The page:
Gandy gallery is pleased to announce the opening of a solo exhibition of Czech artist Zorka Ságlová.
One of the most quiet, but also the most significant and distinctive artists of the Czech scene of the 20th century. Zorka Ságlová (1942 - 2003) studied in the studio of textile creation at the Academy of Fine Arts and Design in Prague what strongly influenced her work. In the 1960s she created mostly abstract geometric paintings and minimalistic objects. During the normalization of the 1970s she was forbidden to sell or to present her art in public. That was the reason why she moved to open-air spaces where she organized land-art actions exclusively in the presence of her close friends. She is deemed one of the first artists who reflected land-art movement in this region. In the late seventies Zorka Ságlová went back to textile production in the form of the gobelin tapestries with a rabbit as the main character which represented a cultural symbol known in different countries. In the last period of her life she experimented with painting and textiles as well as with action drawings with a real rabbit.
ZORKA SÁGLOVÁ counted among the quietest but at the same time most distinctive and important figures of the 20th-century Czech art. In many respects, the body of her work can be compared to women artists who (as one can only appreciate in hindsight) have lent shape to Czech art since the late 1950’s.
The generation coming to the fore after the Second World War comprised a large number of significant women artists: Eva Kmentová, Olga Karlíková, Bula Koláfiová, the Válová sisters, Eva Švankmajerová, Adriena Simotová and Eva Janou‰ková, to name but a few. Although their works took longer to push through in the period context of art programmes with prevailing masculine attitudes, dictated by their counterparts (and partners), they became exceptional contributions challenging the modernist tradition of "genderless" art. A generation younger Zorka Ságlová entered the art scene with an unusual degree of radicalism, the consequences of which she had to suffer throughout the whole of the "normalisation" era. As a result, her work only embraced two periods in which it could appear in a broader public context: at the end of the 1960's and in the first half of the 1990's. During the 1970's and 1980's the artist worked in seclusion, devoid of opportunities to present her art, as she was one of the first victims of the totalitarian regime and its ostracism, not mentioning cautious avoidance on the part of her fellow artists. Zorka Ságlová's art has been chiefly associated with the trademark symbol of a rabbit. Nevertheless, her oeuvre touches upon some key issues addressed by Czech art in the last decades of the 20th century. Although she had been one of the artists behind the Nová citlivost [New Sensitivity] exhibition, a major event of the 1960's, she only approached what even the most progressive advocates of the avant-garde accepted as art through the Seno - sláma [Hay - Straw] "gesture" show in the Václav ·pála Gallery (1969). While her "inevitable" turn to tapestry accorded with the existential understanding of the 1970's and 1980's dissent movement, the artist spent the last years of her life exploring the potential of easel painting. Furthermore, she developed and enriched principles inherent in the evolution of modern art after the Second World War, both in the sphere of art exceeding traditional media and in the context of resurgence of painting. The interiorisation of principles involved in serial work, action art and conceptualism, later also the return to painting and its narrative quality, enabled the artist to approach them in a specifically diversified manner. Her conceptual art is thus poetical in its form resonating with concrete historical stories, while her serial work and op art are filled with meanings that can be read allegorically, symbolically or politically. Zorka Ságlová's work blends female sensitivity and a Central European sense of subtle irony. First and foremost, each piece conveys a strong and unique message and presents an authentic experience.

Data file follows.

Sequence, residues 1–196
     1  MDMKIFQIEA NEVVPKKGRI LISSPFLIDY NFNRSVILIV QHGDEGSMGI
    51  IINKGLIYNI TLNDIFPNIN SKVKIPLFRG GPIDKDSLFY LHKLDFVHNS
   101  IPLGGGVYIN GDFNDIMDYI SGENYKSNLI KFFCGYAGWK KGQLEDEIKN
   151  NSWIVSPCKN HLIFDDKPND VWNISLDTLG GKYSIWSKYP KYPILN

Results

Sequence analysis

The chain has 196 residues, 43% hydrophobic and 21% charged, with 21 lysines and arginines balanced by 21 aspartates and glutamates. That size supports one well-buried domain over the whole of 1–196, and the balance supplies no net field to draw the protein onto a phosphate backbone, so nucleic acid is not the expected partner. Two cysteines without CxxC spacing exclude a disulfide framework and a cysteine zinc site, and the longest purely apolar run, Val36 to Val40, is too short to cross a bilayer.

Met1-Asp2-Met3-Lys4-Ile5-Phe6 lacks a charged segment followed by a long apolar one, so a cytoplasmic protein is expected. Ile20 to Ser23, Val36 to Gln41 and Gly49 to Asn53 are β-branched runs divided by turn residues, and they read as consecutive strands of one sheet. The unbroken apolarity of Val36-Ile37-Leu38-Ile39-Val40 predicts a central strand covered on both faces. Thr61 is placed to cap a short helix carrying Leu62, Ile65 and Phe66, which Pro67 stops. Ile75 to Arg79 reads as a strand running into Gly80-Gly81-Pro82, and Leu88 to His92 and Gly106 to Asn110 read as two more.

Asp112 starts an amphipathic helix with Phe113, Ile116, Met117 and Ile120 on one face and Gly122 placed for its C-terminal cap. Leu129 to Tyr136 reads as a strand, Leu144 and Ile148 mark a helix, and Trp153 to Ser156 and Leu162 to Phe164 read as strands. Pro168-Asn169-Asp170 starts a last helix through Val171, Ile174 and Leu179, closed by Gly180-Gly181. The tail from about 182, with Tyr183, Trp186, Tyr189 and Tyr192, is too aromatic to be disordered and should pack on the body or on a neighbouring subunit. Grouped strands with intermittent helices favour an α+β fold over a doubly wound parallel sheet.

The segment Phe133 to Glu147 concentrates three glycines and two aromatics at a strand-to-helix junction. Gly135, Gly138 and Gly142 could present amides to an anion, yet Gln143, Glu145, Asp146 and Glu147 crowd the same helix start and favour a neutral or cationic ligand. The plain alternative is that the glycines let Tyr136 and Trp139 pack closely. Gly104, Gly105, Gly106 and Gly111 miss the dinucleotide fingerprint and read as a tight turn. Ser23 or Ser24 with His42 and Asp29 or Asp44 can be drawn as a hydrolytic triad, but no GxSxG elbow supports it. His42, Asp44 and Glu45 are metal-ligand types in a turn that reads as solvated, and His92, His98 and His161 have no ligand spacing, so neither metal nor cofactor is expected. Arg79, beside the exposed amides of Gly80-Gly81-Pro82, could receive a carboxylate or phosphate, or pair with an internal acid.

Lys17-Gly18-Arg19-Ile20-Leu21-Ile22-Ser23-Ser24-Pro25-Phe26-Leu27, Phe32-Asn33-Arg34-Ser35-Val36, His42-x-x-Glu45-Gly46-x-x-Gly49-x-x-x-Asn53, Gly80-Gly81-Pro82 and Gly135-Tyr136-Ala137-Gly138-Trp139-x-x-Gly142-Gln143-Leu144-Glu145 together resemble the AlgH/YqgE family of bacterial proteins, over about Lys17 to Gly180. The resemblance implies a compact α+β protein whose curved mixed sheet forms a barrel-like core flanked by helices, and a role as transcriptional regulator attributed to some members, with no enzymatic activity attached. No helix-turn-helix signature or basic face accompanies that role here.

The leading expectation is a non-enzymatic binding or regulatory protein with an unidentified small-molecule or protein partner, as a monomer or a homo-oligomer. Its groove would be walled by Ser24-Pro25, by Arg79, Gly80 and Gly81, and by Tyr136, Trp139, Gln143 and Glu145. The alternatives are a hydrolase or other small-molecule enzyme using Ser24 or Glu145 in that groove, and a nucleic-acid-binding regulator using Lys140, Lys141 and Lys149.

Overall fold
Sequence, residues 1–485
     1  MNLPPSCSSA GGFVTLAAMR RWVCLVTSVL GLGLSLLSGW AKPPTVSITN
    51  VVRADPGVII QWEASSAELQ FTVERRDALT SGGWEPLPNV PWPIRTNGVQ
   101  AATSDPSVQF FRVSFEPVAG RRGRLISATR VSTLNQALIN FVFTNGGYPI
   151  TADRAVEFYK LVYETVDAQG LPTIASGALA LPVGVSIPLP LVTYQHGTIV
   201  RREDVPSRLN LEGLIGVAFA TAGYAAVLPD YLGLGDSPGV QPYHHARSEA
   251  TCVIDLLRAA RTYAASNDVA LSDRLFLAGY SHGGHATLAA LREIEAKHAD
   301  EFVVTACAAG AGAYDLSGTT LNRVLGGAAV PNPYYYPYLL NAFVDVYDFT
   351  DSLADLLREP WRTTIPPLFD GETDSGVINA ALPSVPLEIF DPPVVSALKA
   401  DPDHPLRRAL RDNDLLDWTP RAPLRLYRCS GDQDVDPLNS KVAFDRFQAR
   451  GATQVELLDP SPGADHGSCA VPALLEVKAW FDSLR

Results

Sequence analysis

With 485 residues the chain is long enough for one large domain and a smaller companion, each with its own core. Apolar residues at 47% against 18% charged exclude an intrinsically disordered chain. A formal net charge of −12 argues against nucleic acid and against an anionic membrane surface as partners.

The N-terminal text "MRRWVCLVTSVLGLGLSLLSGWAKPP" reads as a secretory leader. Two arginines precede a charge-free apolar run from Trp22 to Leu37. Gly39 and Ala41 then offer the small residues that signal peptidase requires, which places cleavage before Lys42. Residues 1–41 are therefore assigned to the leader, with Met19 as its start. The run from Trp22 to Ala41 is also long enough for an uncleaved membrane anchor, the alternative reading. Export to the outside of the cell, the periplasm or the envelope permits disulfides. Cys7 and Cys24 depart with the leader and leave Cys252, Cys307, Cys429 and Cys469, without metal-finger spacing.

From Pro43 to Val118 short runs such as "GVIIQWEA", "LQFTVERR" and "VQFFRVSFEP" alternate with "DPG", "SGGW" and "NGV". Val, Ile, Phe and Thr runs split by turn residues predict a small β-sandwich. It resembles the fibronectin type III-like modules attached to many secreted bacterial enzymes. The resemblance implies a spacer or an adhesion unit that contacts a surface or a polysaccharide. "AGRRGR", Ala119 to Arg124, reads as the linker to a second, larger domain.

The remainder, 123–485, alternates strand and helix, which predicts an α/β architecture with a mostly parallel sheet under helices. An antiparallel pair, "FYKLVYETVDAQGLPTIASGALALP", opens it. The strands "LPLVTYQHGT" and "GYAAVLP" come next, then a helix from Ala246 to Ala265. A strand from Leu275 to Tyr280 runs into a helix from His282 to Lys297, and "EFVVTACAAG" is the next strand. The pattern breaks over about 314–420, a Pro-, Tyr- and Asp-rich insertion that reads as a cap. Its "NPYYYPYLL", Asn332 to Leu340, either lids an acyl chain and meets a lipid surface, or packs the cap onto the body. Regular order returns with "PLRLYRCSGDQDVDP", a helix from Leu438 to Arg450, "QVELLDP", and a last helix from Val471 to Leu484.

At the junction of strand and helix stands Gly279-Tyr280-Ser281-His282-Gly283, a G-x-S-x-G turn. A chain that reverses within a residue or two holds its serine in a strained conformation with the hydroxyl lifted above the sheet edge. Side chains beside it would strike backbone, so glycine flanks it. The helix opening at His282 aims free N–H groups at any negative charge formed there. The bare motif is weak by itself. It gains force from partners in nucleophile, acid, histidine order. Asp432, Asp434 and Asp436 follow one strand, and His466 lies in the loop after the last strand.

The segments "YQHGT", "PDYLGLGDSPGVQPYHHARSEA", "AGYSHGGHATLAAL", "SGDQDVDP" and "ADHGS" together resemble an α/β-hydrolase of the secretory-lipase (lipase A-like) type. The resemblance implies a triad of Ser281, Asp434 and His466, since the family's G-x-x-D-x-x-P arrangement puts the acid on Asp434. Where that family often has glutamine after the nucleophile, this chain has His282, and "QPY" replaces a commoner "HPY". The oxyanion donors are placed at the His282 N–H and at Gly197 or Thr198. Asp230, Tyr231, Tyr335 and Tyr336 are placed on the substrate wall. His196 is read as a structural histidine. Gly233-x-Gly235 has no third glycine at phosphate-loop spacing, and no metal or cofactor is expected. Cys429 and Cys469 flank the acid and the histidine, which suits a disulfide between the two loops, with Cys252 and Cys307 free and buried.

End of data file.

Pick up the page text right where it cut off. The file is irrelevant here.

ZORKA SÁGLOVÁ was born on 14 August 1942 in Humpolec, in the Czech-Moravian Highlands, into the family of Josef Jirous, a financial office clerk and an original linguist, and Bohumila Jirousová (née Hodaaová), a seamstress and a teacher. After finishing the secondary school Zorka Ságlová took an apprenticeship as a weaver and worked in the Bytex company in Rumburk for a year. She was then admitted to the College of Applied Arts, Prague. She graduated in 1966 (textile studio, Professor Antonín Kybal). From the early years, her artistic interests had been shaped by cousin Jifií Padrta, a prominent Czech modern art historian. In 1964 she married the art photographer Jan Ságl who worked in the V˘tvarná práce journal and also came from Humpolec. Their daughter Alenka was born in 1968. The family background was particularly important for the artist in the 1970's when she was banned from exhibiting for political reasons. From 1965 she worked on serial paintings and relief structures made up of geometrical elements inspired by weaving techniques, and on minimalist objects. In 1966 she participated in the "Constructivist Tendencies" exhibition in Jihlava, in 1968 in the "New Sensitivity" shows held in Brno, Karlovy Vary and Prague. After the "Hay - Straw" exhibition in August 1969 she was persecuted by the communist media and sidelined by the official Czech art circles, and subsequently banned from selling her work. Her isolation was aggravated by the fact that her brother Ivan Jirous, an art theoretician and poet, was imprisoned for his collaboration with The Plastic People of the Universe rock group in the 1970's, and later for his activities in the Charter 77. This explains the nineteen-year break in the artist's solo exhibitions (1969-1988). From spring 1969 to autumn 1972 she staged several actions on non-gallery premises as well as in the open air. At the same time, she collaborated with The Primitives Group and The Plastic People of the Universe bands (concert, stage and costume designs) whose members participated in her actions. Their protagonists also included members of the KfiiIovnice School group, an unofficial association of artists, musicians, poets, writers and critics. In 1976 Zorka Ságlová returned to her textile training, and by 1986 created a series of woven tapestries. During the work, in 1984, she started to produce paintings of structures modelled on satin weave, consisting of small painted elements, especially rabbit silhouettes. She had chosen rabbit in 1980 as her guide animal at work and in the study of cultural history, for its original meanings in different cultures: a symbol of a permanent life renewal, a hero-pioneer, a mediator between man and the transcendental. From 1987 she produced stamp drawings and action drawings involving living rabbits; from 1990 she employed stamps in paintings. From 1991 she worked with quotations from art history, using multiple transfers of visual information, and later with simpler means of expression associated with new technologies. In 1998-2003 Zorka Ságlová created Sheilas and Pavlov series of paintings into which she poured her lifelong experience; through their simplicity and monumentality, the paintings represent the pinnacle of her art. The artist died in Prague in 2003.